Relocation: the new career dilemma
A promotion and a pay rise are cause for celebration in most cases - but what happens if the role requires you to move to a far-off or foreign location?
Today’s candidates, it seems, may well turn it down. Companies report that ex-pat positions are becoming harder to fill as skilled professionals are likely to have an equally skilled partner at home – and unless both can find a job, there is the risk of losing one income and damaging the spouse’s career.
Then of course there may be children and family ties to consider. Yet an expat assignment can be an enriching experience for the whole family - so how do you make the right decision and ensure the move succeeds?
Dr Miriam Moeller, a human resources expert at UQ Business School, has interviewed dozens of families as part of her research into relocation and also has first-hand experience, having emigrated from Germany to the US in the mid-1990s and in recent years, having relocated to Australia.
She offers the following advice:
1. Make it a family affair
In practice careers today are not ‘choices’ at all but rather compromises between couples or within families, says Miriam. Decisions need to take account of the interests of both partners and the family unit. “Take your partner seriously – consider them as your support system and listen to their concerns,” she advises. “Get the children involved and sit around the table – discuss how you will ‘survive’ an international assignment and how you can create success as a family.”
2. Take account of the family lifecycle
Your stage of life will largely determine how easy it is to relocate - whether you are single or married, have a young family or children who have left home, or have a partner who is retired, there are windows of opportunity at different stages. Generally, it is less disruptive to take time out early in your career although, for example, taking a break to care for young children can be a good time to experience ex-pat life.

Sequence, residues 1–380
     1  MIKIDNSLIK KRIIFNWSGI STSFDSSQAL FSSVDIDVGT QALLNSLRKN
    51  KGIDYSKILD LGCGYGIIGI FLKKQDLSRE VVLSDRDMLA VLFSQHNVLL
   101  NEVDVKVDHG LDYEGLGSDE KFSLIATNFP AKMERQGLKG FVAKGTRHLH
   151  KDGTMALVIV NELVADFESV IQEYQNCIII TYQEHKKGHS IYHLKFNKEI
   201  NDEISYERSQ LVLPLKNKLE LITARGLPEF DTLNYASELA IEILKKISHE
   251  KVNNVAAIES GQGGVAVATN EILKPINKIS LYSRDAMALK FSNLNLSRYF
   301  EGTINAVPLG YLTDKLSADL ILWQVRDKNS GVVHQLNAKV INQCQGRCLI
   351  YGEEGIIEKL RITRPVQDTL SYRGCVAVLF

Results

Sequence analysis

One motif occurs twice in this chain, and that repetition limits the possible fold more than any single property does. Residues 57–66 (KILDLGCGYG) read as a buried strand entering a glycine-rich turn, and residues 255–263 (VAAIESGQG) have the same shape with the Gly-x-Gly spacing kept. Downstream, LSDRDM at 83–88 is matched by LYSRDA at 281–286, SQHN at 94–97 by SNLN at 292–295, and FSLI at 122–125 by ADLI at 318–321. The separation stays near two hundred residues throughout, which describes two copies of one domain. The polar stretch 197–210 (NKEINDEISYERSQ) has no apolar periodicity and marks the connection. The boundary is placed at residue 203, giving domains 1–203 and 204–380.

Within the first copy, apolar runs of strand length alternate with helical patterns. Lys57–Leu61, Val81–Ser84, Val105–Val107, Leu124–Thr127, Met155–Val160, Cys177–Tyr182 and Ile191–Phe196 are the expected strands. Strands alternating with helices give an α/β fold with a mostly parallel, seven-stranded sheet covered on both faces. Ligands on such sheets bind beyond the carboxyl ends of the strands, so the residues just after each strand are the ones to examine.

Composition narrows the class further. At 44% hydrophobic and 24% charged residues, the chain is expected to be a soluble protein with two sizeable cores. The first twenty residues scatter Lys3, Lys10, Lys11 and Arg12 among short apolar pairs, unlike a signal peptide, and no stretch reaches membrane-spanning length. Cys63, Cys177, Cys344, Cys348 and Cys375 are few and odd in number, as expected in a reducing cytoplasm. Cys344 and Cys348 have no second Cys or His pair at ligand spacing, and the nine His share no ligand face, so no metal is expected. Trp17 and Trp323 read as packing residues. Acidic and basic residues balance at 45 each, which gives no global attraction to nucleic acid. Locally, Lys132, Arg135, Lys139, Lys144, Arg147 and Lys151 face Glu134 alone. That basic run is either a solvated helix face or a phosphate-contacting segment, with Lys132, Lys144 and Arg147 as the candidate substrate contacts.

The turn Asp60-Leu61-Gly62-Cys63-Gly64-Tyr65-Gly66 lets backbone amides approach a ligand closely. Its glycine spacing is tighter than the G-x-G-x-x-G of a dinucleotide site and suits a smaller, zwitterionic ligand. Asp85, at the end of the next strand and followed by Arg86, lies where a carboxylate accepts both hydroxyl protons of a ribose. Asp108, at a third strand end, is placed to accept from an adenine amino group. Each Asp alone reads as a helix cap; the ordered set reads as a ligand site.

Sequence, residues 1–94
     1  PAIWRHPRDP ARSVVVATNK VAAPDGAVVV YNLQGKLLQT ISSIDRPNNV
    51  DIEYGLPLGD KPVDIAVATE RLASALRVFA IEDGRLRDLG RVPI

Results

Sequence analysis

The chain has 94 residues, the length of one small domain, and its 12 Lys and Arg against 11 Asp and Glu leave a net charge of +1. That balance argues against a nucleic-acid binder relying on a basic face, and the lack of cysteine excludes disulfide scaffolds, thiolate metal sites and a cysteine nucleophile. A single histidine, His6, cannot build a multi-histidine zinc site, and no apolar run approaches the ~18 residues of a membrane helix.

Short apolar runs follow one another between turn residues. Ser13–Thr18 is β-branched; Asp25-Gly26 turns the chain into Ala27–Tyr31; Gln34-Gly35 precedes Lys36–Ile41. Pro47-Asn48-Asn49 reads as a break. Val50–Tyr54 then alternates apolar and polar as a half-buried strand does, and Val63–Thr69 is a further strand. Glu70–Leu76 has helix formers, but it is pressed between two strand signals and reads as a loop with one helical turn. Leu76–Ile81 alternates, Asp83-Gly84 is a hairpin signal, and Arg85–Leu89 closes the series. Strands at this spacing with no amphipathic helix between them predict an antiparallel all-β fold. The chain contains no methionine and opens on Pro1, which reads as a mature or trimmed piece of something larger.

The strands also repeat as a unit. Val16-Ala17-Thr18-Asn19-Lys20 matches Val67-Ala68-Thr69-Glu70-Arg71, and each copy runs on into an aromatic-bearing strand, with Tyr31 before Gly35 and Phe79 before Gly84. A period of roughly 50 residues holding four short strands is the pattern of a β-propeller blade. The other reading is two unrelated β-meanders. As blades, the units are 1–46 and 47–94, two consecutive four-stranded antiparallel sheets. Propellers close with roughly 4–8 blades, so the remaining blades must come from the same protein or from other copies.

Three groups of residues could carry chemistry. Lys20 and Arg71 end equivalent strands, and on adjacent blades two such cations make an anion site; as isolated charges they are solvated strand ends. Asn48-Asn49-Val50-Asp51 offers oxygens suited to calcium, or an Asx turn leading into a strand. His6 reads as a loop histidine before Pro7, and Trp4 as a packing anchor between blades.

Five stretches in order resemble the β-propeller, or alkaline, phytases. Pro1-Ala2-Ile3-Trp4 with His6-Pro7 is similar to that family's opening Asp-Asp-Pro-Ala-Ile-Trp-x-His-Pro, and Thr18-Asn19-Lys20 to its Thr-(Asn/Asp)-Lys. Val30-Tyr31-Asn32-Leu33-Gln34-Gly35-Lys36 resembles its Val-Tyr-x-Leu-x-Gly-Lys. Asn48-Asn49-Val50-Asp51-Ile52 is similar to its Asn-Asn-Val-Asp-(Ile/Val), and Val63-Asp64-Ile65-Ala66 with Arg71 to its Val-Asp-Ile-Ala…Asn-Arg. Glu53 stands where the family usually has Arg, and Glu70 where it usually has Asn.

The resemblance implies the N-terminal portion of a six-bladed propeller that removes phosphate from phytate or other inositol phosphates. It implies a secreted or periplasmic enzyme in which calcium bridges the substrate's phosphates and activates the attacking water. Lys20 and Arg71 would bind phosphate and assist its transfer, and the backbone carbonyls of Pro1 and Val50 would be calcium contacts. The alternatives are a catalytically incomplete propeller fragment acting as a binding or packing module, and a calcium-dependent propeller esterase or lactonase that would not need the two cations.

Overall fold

3. Tap into your networks
Ask advice from friends and family who have made a similar move. Globally, some 250 million people live and work in a location where they did not grow up so there are plenty of people who can share their experience. On her move to Australia, Miriam learned from the experience of her parents, who in turn had taken advice from her grandparents who had worked in Africa and the Middle East in the 1970s.
4. Consider the opportunities
Don’t just think about what you are leaving behind, but also the potential gains. “A relocation can bring longer-term opportunities for you and your children,” says Miriam. “Some of the spouses I interviewed for my research told me they would have never become entrepreneurs or taken up new career options had they not moved overseas and been forced to reinvent themselves.”
5. Be prepared and pro-active
Miriam found that ‘trailing spouses’ who had accompanied a partner overseas fell into four categories and those who came out best were ‘change masters’.
Ready spouses had started their job search early and generally managed to continue in the same career while Reborn spouses had not managed to do so and had to seek out new opportunities but had made a successful transition. Both types tended to be driven and pragmatic individuals used to solving problems.
By contrast, Resigned spouses felt defeated and depressed, and saw themselves as victims while Resentful spouses felt angry and frustrated.
“Take the time to think, research and plan, visit the location and ensure you are ready for the move,” Miriam advises. “Consider learning the language and get help from the company if possible. Expats do have a right to think of their own and their family’s needs and to expect some support from the employer.”
6. Think creatively
If the accompanying partner is struggling to find a job, could they take time out to study, or to research a business idea? Or why not follow the example of some couples and ‘take turns’, with each having a period where they give priority to their career.
Do you really need to relocate at all? Many couples and families find that it is far less stressful for one to stay put while the other ‘commutes’. Spending some time apart also enables them to compartmentalize the strains of work from their family life at home.
7. Plan for your return
Consider from the beginning what you want to do at the end of the term – if you would like the option to return home, indicate this to the firm. If the assignment is successful, the company may offer an extension, or a posting to a different location. Alternatively you may find a job with a different company in the same location. Even if it’s too early to make a final decision, it’s useful to keep the future choices in mind.